So as the nations dealt with inner turmoil the Phoenicians struck back. The Phoenicians refused to send free wood to Egyptians. They demanded payment from the Egyptians. This demand startled the Egyptians however they paid the price to get their wood.
The Phoenician world was divided between the east and west. The Phoenicians were known as Phoenicians in the Western Empire and the east, they were known as Carthaginians. The Romans called them Punic. Carthage was only a small colony that grew into a thriving trading city. The legendary Princess Dido was the founder of Carthage. She fled from Tyre and her power-hungry brother. She landed on the North African coast. She made a deal with a local chieftain. She could have landed the size of a cowhide. Cleverly she had the cowhide cut into strips and ended up with a large chunk of land to establish her city.
The story of Princess Dido has some truth to it. Carthage was established as a colony with people from Tyre. It was established with a strategic reason in mind. The city was carefully planned with strategic defenses on both the land and water side of the city. 30,000 people were living in Carthage. The Chief Magistrates lead the city and were elected every year by the citizen lead assembly. They created laws and had political discussions. Many of their laws revolved around trade. The Carthaginians started with ports nearby and then eventually built up an extensive trade network. They traded all over the coastline in Europe and went into Africa. The Carthaginians grew rich through their trade and were renowned for their handicrafts.
The Carthaginians established colonies like Cadiz, Malaga, and Grenada. These cities would eventually grow into powerful cities. Each of these cities had its gods and they were worshiped in a variety of sanctuaries. These gods were influenced by the civilizations around them. The Carthaginians had a large pantheon of gods. There were three favorite deities: El, Astarte, and Baal. El was the king of the gods and creator of the world. Astarte was the goddess of war, seafaring, love, and heaven. Baal was sometimes known as the sun god or the gods of healing. They also enjoyed worshiping Isis and Demeter.
The heart of the city was the harbor and it was cleverly designed. Both military and merchant ships would come into this harbor. The most modern warships were built in this harbor and it was a top-secret area. Excavations of ships that were sunk show how the Phoenicians built their ships.
The Carthaginians also had an evil reputation. They sacrificed animals and their children. Newborn sons were burned alive. They wanted protection for their community. For a while this was shocking to historians, however, there have been excavations that show that this was true. There was one monument that shows that children were sacrificed.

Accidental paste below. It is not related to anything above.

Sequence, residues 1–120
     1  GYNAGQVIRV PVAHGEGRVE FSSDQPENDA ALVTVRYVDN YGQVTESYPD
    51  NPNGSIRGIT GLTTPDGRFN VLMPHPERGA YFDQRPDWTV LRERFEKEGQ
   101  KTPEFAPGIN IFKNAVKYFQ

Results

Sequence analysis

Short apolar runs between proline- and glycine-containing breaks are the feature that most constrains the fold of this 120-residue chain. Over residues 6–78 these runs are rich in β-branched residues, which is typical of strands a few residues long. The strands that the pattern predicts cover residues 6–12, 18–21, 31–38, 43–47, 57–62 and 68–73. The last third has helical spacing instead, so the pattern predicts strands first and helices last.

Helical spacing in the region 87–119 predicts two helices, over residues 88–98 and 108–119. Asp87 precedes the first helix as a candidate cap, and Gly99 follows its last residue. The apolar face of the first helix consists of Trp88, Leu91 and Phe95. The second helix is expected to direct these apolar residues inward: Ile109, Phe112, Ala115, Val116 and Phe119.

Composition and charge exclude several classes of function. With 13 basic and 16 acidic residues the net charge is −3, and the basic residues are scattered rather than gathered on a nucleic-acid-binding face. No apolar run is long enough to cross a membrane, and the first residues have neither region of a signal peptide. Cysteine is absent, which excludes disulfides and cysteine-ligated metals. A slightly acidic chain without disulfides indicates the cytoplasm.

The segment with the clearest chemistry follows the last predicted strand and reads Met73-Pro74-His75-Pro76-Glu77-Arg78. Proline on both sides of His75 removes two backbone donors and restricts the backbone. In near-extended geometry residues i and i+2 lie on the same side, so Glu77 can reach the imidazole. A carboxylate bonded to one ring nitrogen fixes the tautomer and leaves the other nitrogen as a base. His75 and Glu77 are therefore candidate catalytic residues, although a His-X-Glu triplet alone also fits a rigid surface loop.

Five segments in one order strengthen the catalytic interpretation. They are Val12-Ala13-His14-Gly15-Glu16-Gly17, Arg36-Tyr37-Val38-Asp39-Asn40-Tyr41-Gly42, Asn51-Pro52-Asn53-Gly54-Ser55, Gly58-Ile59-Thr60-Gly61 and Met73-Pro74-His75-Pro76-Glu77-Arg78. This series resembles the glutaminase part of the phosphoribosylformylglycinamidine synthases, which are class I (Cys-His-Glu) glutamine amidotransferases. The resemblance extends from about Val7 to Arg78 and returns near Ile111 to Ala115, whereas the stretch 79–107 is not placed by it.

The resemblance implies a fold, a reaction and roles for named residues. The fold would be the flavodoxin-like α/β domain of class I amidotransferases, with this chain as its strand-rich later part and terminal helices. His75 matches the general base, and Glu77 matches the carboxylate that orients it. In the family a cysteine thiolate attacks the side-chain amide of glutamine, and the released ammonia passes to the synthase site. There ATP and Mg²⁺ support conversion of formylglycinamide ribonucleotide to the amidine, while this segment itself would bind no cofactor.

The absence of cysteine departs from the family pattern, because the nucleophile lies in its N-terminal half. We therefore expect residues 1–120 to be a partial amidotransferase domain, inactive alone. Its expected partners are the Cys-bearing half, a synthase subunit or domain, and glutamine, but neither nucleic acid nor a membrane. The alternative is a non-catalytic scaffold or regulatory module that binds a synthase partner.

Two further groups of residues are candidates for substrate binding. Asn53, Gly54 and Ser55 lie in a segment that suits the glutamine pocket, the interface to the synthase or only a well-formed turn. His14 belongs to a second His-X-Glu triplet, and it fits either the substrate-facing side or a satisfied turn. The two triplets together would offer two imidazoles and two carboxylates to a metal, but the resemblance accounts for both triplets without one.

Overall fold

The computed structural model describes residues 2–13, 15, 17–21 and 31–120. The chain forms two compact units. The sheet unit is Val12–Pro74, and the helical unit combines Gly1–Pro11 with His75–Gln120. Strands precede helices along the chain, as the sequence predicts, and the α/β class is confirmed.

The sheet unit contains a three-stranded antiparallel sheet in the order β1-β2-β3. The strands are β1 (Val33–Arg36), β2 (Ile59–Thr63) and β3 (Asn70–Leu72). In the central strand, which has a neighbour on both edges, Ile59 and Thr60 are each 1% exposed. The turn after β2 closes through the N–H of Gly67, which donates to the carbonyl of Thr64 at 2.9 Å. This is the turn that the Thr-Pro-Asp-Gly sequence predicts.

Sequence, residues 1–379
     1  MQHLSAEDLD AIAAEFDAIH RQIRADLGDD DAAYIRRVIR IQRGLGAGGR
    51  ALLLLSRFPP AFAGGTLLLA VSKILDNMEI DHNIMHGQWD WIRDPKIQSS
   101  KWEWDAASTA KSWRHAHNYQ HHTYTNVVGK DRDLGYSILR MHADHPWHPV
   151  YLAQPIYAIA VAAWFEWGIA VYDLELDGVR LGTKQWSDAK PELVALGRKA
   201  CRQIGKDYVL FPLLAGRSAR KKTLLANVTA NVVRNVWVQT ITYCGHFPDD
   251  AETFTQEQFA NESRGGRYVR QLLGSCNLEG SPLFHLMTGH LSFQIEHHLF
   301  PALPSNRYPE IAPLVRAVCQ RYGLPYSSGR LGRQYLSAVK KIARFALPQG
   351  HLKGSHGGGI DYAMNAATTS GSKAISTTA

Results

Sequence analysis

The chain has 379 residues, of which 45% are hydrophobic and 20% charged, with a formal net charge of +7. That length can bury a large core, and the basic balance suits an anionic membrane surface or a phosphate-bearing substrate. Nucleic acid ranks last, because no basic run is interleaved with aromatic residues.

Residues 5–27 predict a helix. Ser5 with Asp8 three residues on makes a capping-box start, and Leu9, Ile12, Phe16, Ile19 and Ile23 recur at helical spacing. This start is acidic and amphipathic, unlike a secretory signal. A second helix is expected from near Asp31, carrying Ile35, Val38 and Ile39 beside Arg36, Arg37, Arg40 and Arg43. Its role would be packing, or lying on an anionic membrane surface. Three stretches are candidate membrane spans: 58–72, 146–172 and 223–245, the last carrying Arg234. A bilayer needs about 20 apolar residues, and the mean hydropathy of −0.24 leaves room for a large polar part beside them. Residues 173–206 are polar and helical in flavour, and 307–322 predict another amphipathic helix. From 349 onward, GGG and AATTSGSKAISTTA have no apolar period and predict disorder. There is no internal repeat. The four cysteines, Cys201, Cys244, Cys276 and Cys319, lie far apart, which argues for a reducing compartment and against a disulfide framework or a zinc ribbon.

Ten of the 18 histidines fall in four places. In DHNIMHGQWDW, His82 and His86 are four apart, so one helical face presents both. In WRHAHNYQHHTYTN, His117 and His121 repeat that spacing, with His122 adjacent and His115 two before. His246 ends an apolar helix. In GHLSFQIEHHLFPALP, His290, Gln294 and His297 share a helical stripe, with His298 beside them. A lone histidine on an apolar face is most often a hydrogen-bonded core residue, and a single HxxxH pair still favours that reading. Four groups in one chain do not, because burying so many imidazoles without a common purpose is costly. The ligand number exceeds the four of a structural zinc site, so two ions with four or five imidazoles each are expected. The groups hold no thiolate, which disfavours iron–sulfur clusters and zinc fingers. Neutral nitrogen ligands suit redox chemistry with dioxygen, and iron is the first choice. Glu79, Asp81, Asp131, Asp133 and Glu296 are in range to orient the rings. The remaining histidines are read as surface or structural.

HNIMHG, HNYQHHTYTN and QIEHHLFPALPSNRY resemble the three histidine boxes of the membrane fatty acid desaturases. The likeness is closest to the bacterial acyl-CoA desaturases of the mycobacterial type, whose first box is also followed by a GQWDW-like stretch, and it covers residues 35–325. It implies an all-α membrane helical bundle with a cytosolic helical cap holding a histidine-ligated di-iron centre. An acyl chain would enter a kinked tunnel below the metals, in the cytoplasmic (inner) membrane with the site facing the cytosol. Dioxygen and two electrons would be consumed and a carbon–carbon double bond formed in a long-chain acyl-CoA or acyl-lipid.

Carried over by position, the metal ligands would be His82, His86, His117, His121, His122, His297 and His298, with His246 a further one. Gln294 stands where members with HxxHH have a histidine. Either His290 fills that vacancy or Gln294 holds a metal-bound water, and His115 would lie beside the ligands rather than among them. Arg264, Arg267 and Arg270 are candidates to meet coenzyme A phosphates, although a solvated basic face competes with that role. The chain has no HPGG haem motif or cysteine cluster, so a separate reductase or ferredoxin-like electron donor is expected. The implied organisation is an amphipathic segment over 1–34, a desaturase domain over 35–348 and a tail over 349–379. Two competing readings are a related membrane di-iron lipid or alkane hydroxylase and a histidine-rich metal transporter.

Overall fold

This is an excellent documentary on Carthage. It had a good pace throughout the documentary. This documentary gave the facts about Carthage with a few reenactments. I would consider showing this to a middle school history classroom. The section on the gods would be appropriate for an English classroom because it dives into mythology.
Good morning, I am going to be a little bit controversial here and today’s topic is about the history of Aviation. Were the Wright brothers the first to fly? Or was there another flyer that took to the skies earlier? The run time for this documentary is 52:49.
In 1903, the Wright Brothers made the first motorized flight. Or did they? This documentary talks about the controversy surrounding this claim. Aviation expert, John Brown explores this controversy and puts for the claim that Gustave Whitehead was the one that made the first flight. It is a claim that outrages many. Was Gustave Whitehead a genius or a person discredited by his rivals? Who kick-started the age of aviation?
The flight was one of humanity’s greatest achievements and it is celebrated at the Smithsonian Air and Space Museum. The museum has the Wright Brother’s plane from 1903. What is the real story behind the first flight? In 2011, an Australian aviation expert began exploring that first flight. His name is John Brown and he was exploring the early history of aviation. During this research, he discovered a photo from 1901 built by a German aviator Gustave Whitehead. The photo was of a motorized plane. When John saw the photo, he felt like everything was in the right place. John Brown set out to find the truth about Gustave Whitehead and his flights. He found records about this flight and Gustave Whitehead from five continents. As he dug deeper, he found controversy along the way.
Who was Gustave Whitehead? There were rumors that he was flying in 1901. The contemporary sources talk about Gustave Whitehead’s plane. In the 1930s, Stella Randolph started exploring the history of aviation. She was pointed to an article in a local paper from 1901. It was about Gustave Whitehead and his flight. She decided to research the story of Gustave Whitehead. She expanded that original article and put together a book. She tracked down the witnesses to these flights. However, these efforts would be in vain. World War II happened and nobody wanted to give the title of the first flight to a German. Stella’s evidence fell on deaf ears and she went to her grave believing that Whitehead was the first to make the mechanical flight.